Why the hum goes away when the volume is full up is less obvious to me. I'm gonna lurk around this thread 'til one of the smart guys explains it. :D

Good luck sorting it out. :)
 
Last edited:
I've run into an interesting problem with my LM3886 amplifier. I get quite serious amounts of hum whenever the volume control on the amplifier is at anything other than 0 or full volume, when plugged into my diy DAC. This doesn't occur when plugged directly into a iPod, and interestingly it occurs even when the DAC is not plugged in! If the signal cable is not connected to anything it's fine, but just plugging it into the DAC without any power cable going into the DAC triggers it. Plugging in the DAC and turning it on doesn't affect the level of the hum.

Presumably this is a stereo set up, so does the hum disappear or change noticeably when only one input is connected to the amp? It could be your DAC, by joining together two signal grounds, is causing some kind of loop. Another thing - what's the DAC connected to via its digital in? That could be the culprit - not all DACs have isolated digital inputs and many CD/DVD players don't either.

I've also noticed that when turning the amp off, the hum stops immediately, while the music keeps playing for a few seconds. This seems weird to me, I would expect both to continue while the caps deplete.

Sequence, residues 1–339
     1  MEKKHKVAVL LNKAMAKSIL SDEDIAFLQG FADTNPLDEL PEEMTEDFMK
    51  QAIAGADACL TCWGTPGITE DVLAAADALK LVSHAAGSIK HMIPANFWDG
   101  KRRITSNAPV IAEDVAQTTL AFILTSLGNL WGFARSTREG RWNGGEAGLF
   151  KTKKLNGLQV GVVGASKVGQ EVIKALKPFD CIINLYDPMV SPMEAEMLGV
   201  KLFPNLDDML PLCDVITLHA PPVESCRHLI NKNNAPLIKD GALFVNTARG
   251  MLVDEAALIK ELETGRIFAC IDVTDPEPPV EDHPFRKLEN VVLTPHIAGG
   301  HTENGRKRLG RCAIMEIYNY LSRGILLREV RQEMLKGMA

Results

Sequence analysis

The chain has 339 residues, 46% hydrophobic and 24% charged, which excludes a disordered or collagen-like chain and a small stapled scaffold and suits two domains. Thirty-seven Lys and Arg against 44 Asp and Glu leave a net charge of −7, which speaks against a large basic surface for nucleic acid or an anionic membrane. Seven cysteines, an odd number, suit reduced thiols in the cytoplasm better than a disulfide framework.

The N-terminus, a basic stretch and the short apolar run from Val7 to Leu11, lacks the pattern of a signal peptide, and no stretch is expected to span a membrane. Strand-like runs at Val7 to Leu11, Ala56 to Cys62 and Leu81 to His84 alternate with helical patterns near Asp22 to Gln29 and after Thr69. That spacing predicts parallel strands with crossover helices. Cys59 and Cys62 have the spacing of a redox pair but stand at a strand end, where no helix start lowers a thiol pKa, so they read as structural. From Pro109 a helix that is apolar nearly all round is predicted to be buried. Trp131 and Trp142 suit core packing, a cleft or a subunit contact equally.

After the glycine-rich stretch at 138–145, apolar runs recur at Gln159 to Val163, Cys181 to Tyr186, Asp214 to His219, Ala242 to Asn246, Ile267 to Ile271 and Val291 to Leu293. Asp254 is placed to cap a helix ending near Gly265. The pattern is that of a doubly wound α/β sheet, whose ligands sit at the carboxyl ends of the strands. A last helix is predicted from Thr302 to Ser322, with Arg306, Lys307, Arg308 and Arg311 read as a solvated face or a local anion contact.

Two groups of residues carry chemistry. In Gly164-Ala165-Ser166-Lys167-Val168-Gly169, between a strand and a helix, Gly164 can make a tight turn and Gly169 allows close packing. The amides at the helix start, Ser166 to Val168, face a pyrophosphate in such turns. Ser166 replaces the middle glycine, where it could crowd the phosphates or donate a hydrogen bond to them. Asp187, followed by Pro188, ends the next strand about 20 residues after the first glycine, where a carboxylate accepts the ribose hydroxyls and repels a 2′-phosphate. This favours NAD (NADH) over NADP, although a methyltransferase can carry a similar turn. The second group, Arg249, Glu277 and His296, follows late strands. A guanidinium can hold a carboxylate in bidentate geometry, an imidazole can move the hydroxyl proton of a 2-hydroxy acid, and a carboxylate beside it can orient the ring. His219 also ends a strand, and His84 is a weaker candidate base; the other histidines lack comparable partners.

Its quite normal :) The source of the hum is going to be either the transformer's magnetic field (solve it by putting some more physical space between the amp and the trafo) or its the result of the high current charging pulses running into the main res caps cross-coupling into some sensitive place.

I've tried floating the amp's ground by just not connecting it to main ground, but it didn't help. I can upload some pictures of its internals if need be.

Certainly would be helpful to see a wiring diagram (with grounding clearly shown) and a schematic too.
 

leftshoe